Saturday, January 24, 2009
I have never been a big fan of Steven Covey, or his Seven Habits, but I think when we're talking about the economic situation, all of the different bailouts, and where we are going to ultimately end up, I think Dr. Covey's habit of beginning with the end in mind (one of the Seven Habits) is applicable.
There is a wide divergence of opinion on the courses of action to take with regard to the economy.
There are some who don't think the stimulus plan on the table is bold enough (Paul Krugman)
There are others who believe that we should do nothing about the economy and let the market correct itself (Those from the Ron Paul/Lew Rockwell/Ludwig von Mises school of thought). Sure, there will be quite a bit of pain for a few years, but we'll be $1 trillion dollars less in debt, and the thinking is that the problem will correct itself cyclically like it always does.
Others (especially those on the far right like Rush Limbaugh, who has gone as far as saying that he hopes President Obama fails) feel like any massive government intervention smacks of Socialism and Liberal Social Engineering.
I'm not sure what the best course of action is. It seems like our only recourse now is to trust that the President and Congress are prepared to do the right things. This is something that does not inspire a lot of confidence. I feel some confidence in President Obama and the advisers he has surrounded himself with, but when was the last time Congress attacked anything this complex and did a decent job?
My biggest questions with regard to the stimulus is (whether it is $800 billion, or $1 trillion), what is the end goal of the stimulus? What are the measurements of whether the stimulus is "successful" (similar to questions I asked for a long time about Iraq/Afghanistan - how/when do we know if we've "won")?
Is the goal to get to a certain percentage of unemployment that is lower than the current level of unemployment? Is it a certain amount of growth of the economy?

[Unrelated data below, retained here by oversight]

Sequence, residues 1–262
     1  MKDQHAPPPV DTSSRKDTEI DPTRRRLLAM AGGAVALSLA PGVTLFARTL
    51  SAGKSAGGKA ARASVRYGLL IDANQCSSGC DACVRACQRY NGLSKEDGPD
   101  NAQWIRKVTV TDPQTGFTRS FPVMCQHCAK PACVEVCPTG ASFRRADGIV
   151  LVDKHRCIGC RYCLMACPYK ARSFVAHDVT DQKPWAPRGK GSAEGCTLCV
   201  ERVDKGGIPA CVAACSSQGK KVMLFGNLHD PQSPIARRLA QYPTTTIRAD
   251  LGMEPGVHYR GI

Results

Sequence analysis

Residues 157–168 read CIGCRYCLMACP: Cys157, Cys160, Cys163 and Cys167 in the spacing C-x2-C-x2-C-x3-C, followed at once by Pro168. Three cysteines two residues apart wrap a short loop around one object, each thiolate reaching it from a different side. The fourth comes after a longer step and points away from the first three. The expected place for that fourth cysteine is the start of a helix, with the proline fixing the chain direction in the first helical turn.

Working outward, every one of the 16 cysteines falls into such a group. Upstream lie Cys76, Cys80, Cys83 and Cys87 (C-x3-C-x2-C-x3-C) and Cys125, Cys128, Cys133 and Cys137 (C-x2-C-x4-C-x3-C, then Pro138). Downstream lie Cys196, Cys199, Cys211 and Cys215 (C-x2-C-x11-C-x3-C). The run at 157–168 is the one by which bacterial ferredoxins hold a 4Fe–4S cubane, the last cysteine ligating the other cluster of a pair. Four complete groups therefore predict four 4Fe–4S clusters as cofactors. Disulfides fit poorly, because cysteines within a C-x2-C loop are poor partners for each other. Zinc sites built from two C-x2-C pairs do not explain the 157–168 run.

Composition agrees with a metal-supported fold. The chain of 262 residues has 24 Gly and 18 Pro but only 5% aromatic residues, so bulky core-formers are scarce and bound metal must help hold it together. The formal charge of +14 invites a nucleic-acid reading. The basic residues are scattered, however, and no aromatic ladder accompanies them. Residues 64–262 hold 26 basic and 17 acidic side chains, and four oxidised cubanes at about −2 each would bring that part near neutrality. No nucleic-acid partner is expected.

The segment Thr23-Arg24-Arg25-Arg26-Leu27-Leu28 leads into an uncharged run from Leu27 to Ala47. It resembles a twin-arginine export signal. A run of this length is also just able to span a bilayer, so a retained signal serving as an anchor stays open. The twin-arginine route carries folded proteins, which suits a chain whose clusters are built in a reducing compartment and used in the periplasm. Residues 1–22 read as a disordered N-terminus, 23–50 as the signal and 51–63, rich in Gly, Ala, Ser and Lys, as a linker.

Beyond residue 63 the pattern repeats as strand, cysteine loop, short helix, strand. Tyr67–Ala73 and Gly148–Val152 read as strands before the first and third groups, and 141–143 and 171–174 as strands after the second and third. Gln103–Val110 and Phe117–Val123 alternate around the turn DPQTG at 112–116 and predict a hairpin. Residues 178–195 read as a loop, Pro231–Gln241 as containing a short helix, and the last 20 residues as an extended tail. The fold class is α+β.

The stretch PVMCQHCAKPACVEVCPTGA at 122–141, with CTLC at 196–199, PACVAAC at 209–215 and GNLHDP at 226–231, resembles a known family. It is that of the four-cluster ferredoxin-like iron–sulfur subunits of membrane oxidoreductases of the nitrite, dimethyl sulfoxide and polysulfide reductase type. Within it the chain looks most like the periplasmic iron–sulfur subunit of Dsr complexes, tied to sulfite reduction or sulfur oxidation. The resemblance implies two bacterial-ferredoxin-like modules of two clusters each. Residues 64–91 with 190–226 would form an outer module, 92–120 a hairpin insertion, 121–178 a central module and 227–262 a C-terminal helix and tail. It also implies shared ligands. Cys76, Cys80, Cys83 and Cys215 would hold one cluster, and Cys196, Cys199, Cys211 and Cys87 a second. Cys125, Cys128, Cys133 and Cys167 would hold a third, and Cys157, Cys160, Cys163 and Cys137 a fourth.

What is the end game? Is the money going to be used in the most effective way? Or is it just going to be given out scatter shot?
Are we just throwing money at a problem and hoping that we just pull the right lever, or do the right combination of actions that will make the economy correct? How do you protect against unintended consequences - you take one action to correct one problem, which exacerbates a seemingly unrelated problem?
I know we don't remember much after a few months as a collective group, but I think it is so important to rewind and see where we've come from, and just how little our leaders understand what is really going on (read Tuesday Ramblings 9/24/08). The economic crisis is vast, complex and multi-pronged. Banks are failing. People are being laid off. People are losing their homes and businesses.
And if they don't really understand all of the prongs and how they inter-relate, how can we be expected to make informed choices?
Not that long ago (late September), we were told that if we didn't get $700 billion that week, the world economy was going to be in Depression within a short time (a matter of weeks they told us). The money was given. Basically a blank check from Congress, with little oversight, and little direction on what was to be done with the money by the participating institutions (and predictably with little oversight, instead of loaning the money and unfreezing credit, the banks used the money to acquire other banks, pay their shareholders and year end bonuses).
The economy has gotten worse since then, but nowhere near the levels of the Great Depression.
A little time went by, and they said that what we originally had planned to do with the $700 billion was no longer applicable - they didn't think the initial course of action was now the best use of the money. They have just recently again been wrangling on what to do with the second half of the $700 billion ($350 billion).
Now, they are getting ready to put through an additional large economic stimulus package with infrastructure projects (maybe up to $1 trillion by some accounts). The goal it is said, is to get people back to work and get the economy moving again.
But, what if it doesn't "work" and the US economy and the world economy continues to careen downhill? What then?
I've heard very few people seriously ask those questions - it almost seems like a lot of people feel like if we ask the questions, that might jinx the plan.